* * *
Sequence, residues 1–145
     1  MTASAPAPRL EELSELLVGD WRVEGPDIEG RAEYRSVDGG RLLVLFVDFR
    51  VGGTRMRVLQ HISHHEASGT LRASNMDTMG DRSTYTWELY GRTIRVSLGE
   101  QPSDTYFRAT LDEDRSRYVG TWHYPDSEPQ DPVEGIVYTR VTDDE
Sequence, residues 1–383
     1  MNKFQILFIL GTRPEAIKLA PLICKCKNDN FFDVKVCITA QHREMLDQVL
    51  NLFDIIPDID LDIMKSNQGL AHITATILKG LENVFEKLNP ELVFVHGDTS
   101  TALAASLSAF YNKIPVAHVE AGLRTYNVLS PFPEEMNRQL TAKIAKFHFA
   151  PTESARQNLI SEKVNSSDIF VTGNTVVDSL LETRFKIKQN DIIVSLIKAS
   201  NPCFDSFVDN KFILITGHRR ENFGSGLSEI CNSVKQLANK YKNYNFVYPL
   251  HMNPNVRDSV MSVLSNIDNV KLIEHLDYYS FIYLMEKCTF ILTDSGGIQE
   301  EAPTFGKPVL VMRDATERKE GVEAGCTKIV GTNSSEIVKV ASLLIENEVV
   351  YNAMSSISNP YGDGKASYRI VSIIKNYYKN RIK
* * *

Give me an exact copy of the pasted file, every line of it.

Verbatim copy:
Sequence, residues 1–145
     1  MTASAPAPRL EELSELLVGD WRVEGPDIEG RAEYRSVDGG RLLVLFVDFR
    51  VGGTRMRVLQ HISHHEASGT LRASNMDTMG DRSTYTWELY GRTIRVSLGE
   101  QPSDTYFRAT LDEDRSRYVG TWHYPDSEPQ DPVEGIVYTR VTDDE
Sequence, residues 1–383
     1  MNKFQILFIL GTRPEAIKLA PLICKCKNDN FFDVKVCITA QHREMLDQVL
    51  NLFDIIPDID LDIMKSNQGL AHITATILKG LENVFEKLNP ELVFVHGDTS
   101  TALAASLSAF YNKIPVAHVE AGLRTYNVLS PFPEEMNRQL TAKIAKFHFA
   151  PTESARQNLI SEKVNSSDIF VTGNTVVDSL LETRFKIKQN DIIVSLIKAS
   201  NPCFDSFVDN KFILITGHRR ENFGSGLSEI CNSVKQLANK YKNYNFVYPL
   251  HMNPNVRDSV MSVLSNIDNV KLIEHLDYYS FIYLMEKCTF ILTDSGGIQE
   301  EAPTFGKPVL VMRDATERKE GVEAGCTKIV GTNSSEIVKV ASLLIENEVV
   351  YNAMSSISNP YGDGKASYRI VSIIKNYYKN RIK